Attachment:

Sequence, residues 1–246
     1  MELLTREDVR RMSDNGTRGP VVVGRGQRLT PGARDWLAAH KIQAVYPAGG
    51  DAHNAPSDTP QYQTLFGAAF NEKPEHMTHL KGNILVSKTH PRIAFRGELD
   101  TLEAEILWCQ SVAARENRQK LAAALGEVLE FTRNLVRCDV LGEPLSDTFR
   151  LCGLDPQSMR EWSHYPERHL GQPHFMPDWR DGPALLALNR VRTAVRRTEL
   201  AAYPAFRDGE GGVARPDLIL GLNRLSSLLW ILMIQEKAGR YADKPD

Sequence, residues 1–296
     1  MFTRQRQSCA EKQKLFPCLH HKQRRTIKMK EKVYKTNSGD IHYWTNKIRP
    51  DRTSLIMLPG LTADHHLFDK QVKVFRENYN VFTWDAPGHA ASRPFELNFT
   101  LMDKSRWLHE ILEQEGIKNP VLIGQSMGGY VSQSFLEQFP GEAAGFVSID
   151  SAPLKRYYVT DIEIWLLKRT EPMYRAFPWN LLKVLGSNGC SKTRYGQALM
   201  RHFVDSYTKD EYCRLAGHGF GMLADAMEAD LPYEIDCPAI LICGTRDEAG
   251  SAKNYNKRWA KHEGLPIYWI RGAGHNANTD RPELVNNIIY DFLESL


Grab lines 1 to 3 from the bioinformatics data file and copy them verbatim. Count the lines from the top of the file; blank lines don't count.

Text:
Sequence, residues 1–246
     1  MELLTREDVR RMSDNGTRGP VVVGRGQRLT PGARDWLAAH KIQAVYPAGG
    51  DAHNAPSDTP QYQTLFGAAF NEKPEHMTHL KGNILVSKTH PRIAFRGELD